Then he meets a new friend, Faye, who has just lost her grandfather. Faye isn’t the most cuddly, touchy-feely of souls, but she talks to Wunder about his sister. She acknowledges his sadness. As the book progresses, Wunder and Faye’s friendship deepens. It is a friendship forged in mutual vulnerability and shared emotional experiences, which is something I see happen often for clients who are in the midst of loss.
In the end, Wunder’s old relationships shift and change too. Having relationships, old or new, where you can safely and fully express your emotions is so important to mental health, and I hope kids see that in Wunder’s relationships with his friends.
JKR: Finally, what was the greatest takeaway that you hope your readers will experience through reading of Wunder’s journey?
JR:In the story, Faye says something to Wunder that I think sums up the message of the story: “Sometimes the brightest miracles are hidden in the darkest moments…but you have to search for them. You can’t be afraid of the dark.”
I don’t believe in glossing over sadness or just looking on the bright side or forcing ourselves to see the silver lining. But I do believe that we can find joy and meaning and deep relationships and new purpose after and even within great loss. I believe that our pain can be transformative. I believe that there is always light, no matter how dark the darkness. The path to that light is very personal and cannot be rushed or forced, but I believe we can get there, and that we can help one another along.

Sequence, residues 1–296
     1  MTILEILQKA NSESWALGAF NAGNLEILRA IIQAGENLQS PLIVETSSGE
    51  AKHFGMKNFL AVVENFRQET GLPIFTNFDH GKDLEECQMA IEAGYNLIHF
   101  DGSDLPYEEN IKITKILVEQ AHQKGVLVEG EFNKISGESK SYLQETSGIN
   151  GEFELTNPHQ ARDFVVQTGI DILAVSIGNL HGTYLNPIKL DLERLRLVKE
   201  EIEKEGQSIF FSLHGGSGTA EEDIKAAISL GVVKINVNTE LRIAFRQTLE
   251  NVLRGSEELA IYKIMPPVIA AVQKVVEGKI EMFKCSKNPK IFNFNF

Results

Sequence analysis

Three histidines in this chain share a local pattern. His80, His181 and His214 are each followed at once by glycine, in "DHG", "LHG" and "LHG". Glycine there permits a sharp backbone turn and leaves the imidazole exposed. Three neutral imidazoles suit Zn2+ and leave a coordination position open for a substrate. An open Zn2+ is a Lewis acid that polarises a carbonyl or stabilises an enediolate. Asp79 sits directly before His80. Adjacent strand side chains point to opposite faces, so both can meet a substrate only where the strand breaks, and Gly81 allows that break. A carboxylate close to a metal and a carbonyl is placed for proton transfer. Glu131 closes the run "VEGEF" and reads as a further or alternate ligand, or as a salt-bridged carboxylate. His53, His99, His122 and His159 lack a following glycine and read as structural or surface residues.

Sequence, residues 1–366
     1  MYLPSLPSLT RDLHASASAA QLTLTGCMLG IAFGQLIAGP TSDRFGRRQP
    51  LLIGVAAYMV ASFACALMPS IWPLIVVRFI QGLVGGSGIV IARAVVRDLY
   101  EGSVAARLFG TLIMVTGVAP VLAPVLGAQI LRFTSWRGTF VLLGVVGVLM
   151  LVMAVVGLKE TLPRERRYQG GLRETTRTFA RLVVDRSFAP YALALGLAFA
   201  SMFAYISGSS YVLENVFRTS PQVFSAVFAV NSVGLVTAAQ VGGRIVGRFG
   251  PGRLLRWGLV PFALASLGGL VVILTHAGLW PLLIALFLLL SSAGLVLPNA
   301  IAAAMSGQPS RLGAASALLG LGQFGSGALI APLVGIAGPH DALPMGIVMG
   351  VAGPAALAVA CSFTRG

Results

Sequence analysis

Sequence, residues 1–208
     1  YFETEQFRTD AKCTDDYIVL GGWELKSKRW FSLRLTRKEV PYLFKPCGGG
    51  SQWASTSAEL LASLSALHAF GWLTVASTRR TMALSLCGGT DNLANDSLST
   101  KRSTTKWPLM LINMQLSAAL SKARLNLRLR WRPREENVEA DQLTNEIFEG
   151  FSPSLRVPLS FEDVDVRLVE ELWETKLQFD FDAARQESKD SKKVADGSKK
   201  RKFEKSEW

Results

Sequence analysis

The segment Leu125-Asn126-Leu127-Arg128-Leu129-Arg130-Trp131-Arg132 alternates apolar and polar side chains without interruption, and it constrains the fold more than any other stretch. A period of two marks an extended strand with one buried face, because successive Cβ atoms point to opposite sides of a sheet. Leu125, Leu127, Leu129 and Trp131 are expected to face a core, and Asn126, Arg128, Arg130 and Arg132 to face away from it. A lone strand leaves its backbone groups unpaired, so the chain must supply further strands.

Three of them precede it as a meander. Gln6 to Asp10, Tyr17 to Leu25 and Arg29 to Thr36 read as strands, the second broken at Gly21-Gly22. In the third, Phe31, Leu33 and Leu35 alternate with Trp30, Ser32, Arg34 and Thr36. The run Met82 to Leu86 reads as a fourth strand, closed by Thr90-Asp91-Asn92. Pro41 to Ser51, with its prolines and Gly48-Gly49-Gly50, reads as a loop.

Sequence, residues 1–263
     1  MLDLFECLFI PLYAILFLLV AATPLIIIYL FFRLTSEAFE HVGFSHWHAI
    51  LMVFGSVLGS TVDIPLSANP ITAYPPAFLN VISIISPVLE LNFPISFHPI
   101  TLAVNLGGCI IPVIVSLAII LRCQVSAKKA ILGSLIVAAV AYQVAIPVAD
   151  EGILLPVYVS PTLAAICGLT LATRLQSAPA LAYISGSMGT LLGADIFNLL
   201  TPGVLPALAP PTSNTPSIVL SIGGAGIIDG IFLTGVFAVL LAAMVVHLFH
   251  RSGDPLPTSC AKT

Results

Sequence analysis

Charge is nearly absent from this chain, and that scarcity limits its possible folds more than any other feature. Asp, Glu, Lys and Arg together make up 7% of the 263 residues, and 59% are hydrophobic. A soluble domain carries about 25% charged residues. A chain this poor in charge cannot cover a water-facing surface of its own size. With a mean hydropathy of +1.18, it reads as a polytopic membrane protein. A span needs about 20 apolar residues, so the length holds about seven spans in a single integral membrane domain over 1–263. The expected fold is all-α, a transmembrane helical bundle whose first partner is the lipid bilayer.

I understand you have another work coming out next spring. Can you share a bit about your next book?
My second middle-grade book, QUINTESSENCE, comes out on July 28, 2020. In the story, 12-year-old Alma Lucas moves to a new town. She’s lonely and friendless and she begins experiencing panic attacks. And then she sees a star—a star that looks like a child—fall into her backyard. With help from her school Astronomy Club and a mysterious shopkeeper, she goes on a sometimes-magical quest to get the star home—and to find home within herself.
It’s a story I’m so excited about, full of science and mystery and, of course, light and dark. It’s here on Goodreads: https://www.goodreads.com/book/show/46223313-quintessence
JKR: Is there anything else you care to add?
If you’ve read The Miraculous, thank you so much! It has meant so much to me to have this story that holds so much of my heart out in the world and to know that it’s being read.
JKR: Thank you so much Jess for your time! Jess has kindly offered a copy of The Miraculous to one lucky reader. For a chance to win, enter using the Rafflecopter widget below.(For U.S. readers only please!) The winner will be announced August 30. Good luck!